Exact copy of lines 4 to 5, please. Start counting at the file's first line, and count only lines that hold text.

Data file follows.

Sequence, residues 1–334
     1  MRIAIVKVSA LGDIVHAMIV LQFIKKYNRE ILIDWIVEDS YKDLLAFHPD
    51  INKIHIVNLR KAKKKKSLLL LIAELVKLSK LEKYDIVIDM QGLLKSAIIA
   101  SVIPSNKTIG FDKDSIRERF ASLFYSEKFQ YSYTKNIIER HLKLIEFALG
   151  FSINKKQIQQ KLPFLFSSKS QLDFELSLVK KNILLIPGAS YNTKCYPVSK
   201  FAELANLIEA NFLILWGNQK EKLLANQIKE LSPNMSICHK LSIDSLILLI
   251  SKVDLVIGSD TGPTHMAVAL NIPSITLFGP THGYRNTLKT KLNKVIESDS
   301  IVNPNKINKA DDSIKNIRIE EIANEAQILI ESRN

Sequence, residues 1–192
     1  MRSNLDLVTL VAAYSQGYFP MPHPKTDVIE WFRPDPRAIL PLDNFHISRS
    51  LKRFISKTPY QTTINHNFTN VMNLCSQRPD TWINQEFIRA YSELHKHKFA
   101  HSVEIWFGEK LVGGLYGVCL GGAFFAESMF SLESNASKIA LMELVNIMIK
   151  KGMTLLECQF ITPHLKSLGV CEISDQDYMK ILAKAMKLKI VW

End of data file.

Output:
   101  SVIPSNKTIG FDKDSIRERF ASLFYSEKFQ YSYTKNIIER HLKLIEFALG
   151  FSINKKQIQQ KLPFLFSSKS QLDFELSLVK KNILLIPGAS YNTKCYPVSK